From Sydney With Love Review
Carrying forward the legacy of his late grandfather Pramod Chakravorty who made films like Ziddi, Love In Tokyo, Jugnu, Warrant, Nastik in the early '70s, comes Prateek Chakravorty who makes his foray into filmdom with a rom-com From Sydney With Love. The film has been in the pipelines for long and after a constant battle for shows in multiplexes and theaters, it finally sees the light of the day. Whether it turns out to be worth the wait or not let's find out.
Meghaa Bannerjee (Bidita Bag), a small town girl from Bolpur in West Bengal, lands herself in Sydney with a scholarship at the New South Whales University. Her first day itself and she gets taken for a ride by Raj Baksi (Prateek Chakravorty) while finds her aides in Rohit Khurana (Sharad Malhotra), Lubaina Snyder (Evelyn Sharma) Suhail Syed (Karan Sagoo) and Kalpana Chatterjee (Reshmi Ghosh). Life goes good as she enjoys her days in Sydney until her drink gets spiked one day at a party and she ends up sleeping with Rohit, her boyfriend by then.
Too much to take for her rural morals, Meghaa heads back to India while the lovelorn Rohit follows her all the way till there with Raj in tow. Whether he wins over Meghaa or not follows through the rest of the plot.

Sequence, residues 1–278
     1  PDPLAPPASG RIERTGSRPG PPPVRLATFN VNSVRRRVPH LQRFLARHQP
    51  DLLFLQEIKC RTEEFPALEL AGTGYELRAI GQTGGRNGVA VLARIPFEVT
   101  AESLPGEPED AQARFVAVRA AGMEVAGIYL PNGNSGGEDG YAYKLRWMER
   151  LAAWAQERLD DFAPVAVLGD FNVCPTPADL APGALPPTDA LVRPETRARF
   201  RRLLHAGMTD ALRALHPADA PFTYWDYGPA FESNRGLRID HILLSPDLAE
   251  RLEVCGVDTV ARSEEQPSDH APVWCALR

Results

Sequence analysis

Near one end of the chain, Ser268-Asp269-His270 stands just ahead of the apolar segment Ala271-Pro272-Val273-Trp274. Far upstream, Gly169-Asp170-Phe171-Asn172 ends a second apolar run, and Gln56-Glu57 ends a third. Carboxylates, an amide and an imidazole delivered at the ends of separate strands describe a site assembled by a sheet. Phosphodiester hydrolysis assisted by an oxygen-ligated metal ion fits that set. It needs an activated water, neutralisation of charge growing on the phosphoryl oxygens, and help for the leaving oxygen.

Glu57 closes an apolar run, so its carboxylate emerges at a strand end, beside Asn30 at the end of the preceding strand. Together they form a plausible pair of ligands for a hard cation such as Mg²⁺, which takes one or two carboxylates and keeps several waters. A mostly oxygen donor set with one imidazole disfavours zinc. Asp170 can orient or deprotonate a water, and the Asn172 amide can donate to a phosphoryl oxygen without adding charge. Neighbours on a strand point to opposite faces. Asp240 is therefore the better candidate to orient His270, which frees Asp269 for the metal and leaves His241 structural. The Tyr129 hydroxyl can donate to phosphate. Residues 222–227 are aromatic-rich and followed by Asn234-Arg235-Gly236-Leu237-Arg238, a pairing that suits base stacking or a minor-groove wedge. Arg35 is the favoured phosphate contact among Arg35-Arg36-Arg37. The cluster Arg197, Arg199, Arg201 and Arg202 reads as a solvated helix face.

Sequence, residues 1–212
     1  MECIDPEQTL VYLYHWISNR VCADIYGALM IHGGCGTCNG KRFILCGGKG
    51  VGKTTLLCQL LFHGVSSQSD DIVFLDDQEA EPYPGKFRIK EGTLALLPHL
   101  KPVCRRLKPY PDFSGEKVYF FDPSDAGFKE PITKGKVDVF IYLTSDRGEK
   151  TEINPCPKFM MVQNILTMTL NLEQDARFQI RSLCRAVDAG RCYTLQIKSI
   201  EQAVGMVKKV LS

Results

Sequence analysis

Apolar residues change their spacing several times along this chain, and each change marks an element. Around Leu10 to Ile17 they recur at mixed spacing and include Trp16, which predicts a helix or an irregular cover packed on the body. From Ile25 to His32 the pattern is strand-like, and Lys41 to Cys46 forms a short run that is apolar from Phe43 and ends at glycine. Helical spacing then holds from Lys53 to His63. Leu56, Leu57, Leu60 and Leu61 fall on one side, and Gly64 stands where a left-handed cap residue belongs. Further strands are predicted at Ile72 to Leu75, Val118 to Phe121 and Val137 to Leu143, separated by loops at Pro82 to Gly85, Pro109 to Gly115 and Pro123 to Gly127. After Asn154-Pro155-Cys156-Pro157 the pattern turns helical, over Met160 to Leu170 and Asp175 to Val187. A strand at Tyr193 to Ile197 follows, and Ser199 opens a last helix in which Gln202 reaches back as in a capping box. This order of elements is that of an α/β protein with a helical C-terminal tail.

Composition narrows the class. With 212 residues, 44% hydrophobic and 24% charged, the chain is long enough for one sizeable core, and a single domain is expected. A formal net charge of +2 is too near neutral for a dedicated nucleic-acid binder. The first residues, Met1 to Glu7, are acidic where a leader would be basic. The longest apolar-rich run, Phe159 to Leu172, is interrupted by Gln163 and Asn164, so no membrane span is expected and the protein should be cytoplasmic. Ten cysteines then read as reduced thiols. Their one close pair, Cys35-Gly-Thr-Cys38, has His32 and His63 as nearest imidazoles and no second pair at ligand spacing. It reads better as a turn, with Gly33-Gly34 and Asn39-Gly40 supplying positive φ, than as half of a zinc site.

Debutant Prateek Chakravorty dons far too many hats in a go and in a clear case of fingers being in too many pies ends up offering a shoddy platter. The first half and the second could well be two individual movies in themselves. Especially the second which goes on like a separate entity altogether into an unending saga giving glimpses of various Bollywood films ranging from Dilwale Dulhaniya Le Jayenge to Badhai Ho Badhai.
The entire first half could've been covered up in the series of montages, but the filmmaker chooses to include multiple songs, forced sequences for example, that of a rugby match challenged by Suhail out of a blue for no rhyme or reason.
Another major hindrance in the film is Prateek Chakravorty himself. He gives himself excessive screen space almost to the point of annoyance. And if he needs to work the script or the direction, he also needs to work on himself. With his annoyingly podgy self which he uses to make a mockery of his own self, he doesn't get too far in pleasing the audience. Moreover, he fails no chance to project himself as a hero by giving himself romantic song and dance sequences.
As for the rest of the characters, Sharad Malhotra proves to be the best of the lot. But even at that, his acting is average at best. Bidita Bag should work on her dialogue delivery whereas the likes of Sabyasachi who plays Meghaa's father, Karan Sagoo, Reshmi Ghosh and Evelyn Sharma are passable.
To sum it up, From Sydney With Love is shoddily executed mashup of many romantic films of the past. Watch it if only if you have nothing else to do.
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